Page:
Kristen Michaelis is a passionate advocate for Real Food—food that's not industrially processed or refined, genetically-modified or laden with synthetic chemicals. She educates others on the ancestral diets of healthy, successful, traditional cultures around the world. She runs the wildly popular website, www.FoodRenegade.com.
Beautiful Babies: Nutrition for Fertility, Pregnancy, Breast-feeding, and Baby's First Foodsby Kristen Michaelis
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Did you know that simple changes in your diet could increase your fertility by 60 percent? That what you eat when you're pregnant could affect whether your child will need to wear glasses or braces? That increasing your intake of certain nutrients before you become pregnant could radically decrease your chances of suffering from morning sickness?
In Beautiful Babies, nutrition educator Kristen Michaelis reveals the truth about diet and pregnancy. Based on her research of the nutrient-rich diets of healthy and fertile populations around the world, she lays out exactly what you should and shouldn't eat when trying to conceive, during pregnancy, and while breast-feeding.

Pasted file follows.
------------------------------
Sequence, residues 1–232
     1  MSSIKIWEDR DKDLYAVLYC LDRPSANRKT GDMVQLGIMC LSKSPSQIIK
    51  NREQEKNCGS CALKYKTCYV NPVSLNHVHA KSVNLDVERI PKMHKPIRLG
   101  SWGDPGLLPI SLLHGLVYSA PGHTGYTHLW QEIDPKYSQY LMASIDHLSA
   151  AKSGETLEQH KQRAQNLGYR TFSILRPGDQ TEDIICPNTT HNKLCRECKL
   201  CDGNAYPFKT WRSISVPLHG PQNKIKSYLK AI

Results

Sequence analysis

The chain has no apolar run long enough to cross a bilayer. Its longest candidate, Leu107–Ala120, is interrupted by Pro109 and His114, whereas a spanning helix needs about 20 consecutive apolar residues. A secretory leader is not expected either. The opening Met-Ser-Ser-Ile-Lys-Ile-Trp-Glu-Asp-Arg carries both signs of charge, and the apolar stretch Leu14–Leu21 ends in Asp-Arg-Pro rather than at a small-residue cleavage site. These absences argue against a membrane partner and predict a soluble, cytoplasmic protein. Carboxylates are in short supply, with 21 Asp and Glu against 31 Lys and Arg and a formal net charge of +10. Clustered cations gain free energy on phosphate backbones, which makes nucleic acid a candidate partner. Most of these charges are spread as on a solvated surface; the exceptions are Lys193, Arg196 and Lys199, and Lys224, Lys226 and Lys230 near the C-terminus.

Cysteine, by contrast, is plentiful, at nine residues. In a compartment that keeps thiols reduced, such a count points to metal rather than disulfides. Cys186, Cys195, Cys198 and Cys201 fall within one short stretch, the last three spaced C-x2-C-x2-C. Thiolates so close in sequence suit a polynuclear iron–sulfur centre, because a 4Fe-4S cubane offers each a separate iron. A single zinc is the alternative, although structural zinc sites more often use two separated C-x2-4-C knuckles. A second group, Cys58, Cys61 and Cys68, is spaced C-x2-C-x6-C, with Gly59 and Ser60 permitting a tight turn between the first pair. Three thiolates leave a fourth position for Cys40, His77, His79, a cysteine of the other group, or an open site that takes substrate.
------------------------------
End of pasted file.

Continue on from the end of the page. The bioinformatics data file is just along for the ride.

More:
In the first half of the book she explains the ways industrialized foods can prevent pregnancy, how a low-fat diet can increase your likelihood of infertility by 85 percent, what to do if breast-feeding doesn't work for you, why babies can't digest cereal, and gives step-by-step instructions on how and when to introduce your baby's first foods. In the second half of the book she equips you with more than 50 recipes for incorporating traditional fertility-boosting foods into your diet. Beautiful Babies provides you with everything you need to know about having a healthy pregnancy and nourishing your growing baby.
- BN ID:
- Victory Belt Publishing, Inc.
- Publication date:
- Sold by:
- Barnes & Noble
- NOOK Book
- File size:
- 3 MB
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I started out a little skeptical of this book because the author was not a medical doctor, researcher, nor an authority figure; I kept reading and took everything with a grain of salt. I think the author has some interesting, logical, and most important, well-meaning points. I consider some comments written too extreme, but there are others that make me re-evaluate my food choices. I like this because you're always told what not to eat, but you don't hear too much about what to eat or where the source of food comes from is equally important. I took from the book what I thought was useful and was glad that it did make me think twice about certain choices.